Even amidst a worldwide crisis, the decision to return home was not an easy one to make.
Singaporean students abroad have been scrambling to return home this month.
This was after the Ministry of Education recalled all students on internships and exchange programmes on Mar 15, and the Ministry of Foreign Affairs (MFA) advised all Singaporean students to return home on Mar 17.
While Singapore seems like a much better place to weather the COVID-19 storm than other countries in the world at this point, the decision to return is not always an easy one.
Youth.SG spoke to Amelia (not her real name), 29, who just returned home from her studies. She shared some of the struggles she faced as a Singaporean student leaving the United Kingdom (UK) on such short notice:
“My partner and I have been in the UK for half a year. I was supposed to graduate in September this year with a master’s degree.
There were many Singaporeans at our student accommodation, and quite a number of us had chosen to stay before MFA’s advisory came out.
The difficult decision: To stay or return home
We had intended to stay in the UK because we were isolated in this place. It is not densely populated like Singapore, and we had already stockpiled supplies to last us till graduation.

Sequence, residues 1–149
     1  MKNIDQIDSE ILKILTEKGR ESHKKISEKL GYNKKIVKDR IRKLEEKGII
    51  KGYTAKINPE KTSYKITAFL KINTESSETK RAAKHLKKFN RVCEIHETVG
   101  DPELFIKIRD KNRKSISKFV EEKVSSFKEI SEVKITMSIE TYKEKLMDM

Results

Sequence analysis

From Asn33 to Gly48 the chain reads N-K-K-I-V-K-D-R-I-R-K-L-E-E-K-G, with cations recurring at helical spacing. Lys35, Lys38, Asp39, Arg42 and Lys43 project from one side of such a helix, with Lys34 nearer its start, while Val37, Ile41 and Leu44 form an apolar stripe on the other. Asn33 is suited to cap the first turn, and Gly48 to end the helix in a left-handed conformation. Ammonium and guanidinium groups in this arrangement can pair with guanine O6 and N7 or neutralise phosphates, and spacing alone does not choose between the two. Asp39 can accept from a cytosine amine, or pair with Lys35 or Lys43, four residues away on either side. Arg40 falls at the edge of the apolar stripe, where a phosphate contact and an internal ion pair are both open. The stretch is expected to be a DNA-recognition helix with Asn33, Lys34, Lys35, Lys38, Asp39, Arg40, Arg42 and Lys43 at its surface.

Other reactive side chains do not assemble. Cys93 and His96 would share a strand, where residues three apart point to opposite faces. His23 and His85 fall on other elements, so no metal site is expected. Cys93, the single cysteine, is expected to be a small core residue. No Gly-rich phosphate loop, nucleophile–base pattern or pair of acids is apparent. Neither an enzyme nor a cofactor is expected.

I had also stopped going out since February. Beyond virus fears, Chinese students have refused to wear masks since January because there were rumours that someone got beaten up for doing that. Earlier this year, there were spates of burglaries targeting Asians. I didn’t want to leave it to chance.
A big reason why I wanted to stay was because I had spent my own savings on my education (a full year’s tuition and other associated things like accommodation) and returning would mean absorbing these costs. But I still wavered for days.
The pressure from friends and family back home to return was huge, and the thought of not being able to see our loved ones again can be terrifying. However, when MFA put out their advisory, it was my tipping point.
The challenge of getting home, and getting home safely
Having to drop everything and come home means we had to bear the costs of what we bought in the UK. Futhermore, the cost of travelling in this situation was high. For example, public transport faced cancellations, thus many international students have rented cars and rideshares as a safer option, which adds to the cost of travelling.
It is hard if you or your family are financially strapped because the tickets were exorbitant. While I paid approximately $1,800 SGD (£1,000) for my ticket, my friends from other places have paid up to $7,000 SGD (£4,000).
I wanted to fly from a safer location than London, but it cost several times more. Thankfully, the government arranged for discounted flights for the remaining Singaporeans with Singapore Airlines.
Furthermore, flights were getting cancelled, so the uncertainty was tremendous. We had no idea when we would eventually be able to leave the country, and it was hard to make plans. It did leave some less fortunate souls with a lot of anxiety.